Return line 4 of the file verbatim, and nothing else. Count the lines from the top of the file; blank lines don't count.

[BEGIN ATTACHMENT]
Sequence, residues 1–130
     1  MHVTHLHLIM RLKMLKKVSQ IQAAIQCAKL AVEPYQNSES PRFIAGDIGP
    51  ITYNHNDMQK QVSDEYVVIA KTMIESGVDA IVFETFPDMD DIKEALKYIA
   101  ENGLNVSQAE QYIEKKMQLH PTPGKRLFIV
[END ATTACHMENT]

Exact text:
   101  ENGLNVSQAE QYIEKKMQLH PTPGKRLFIV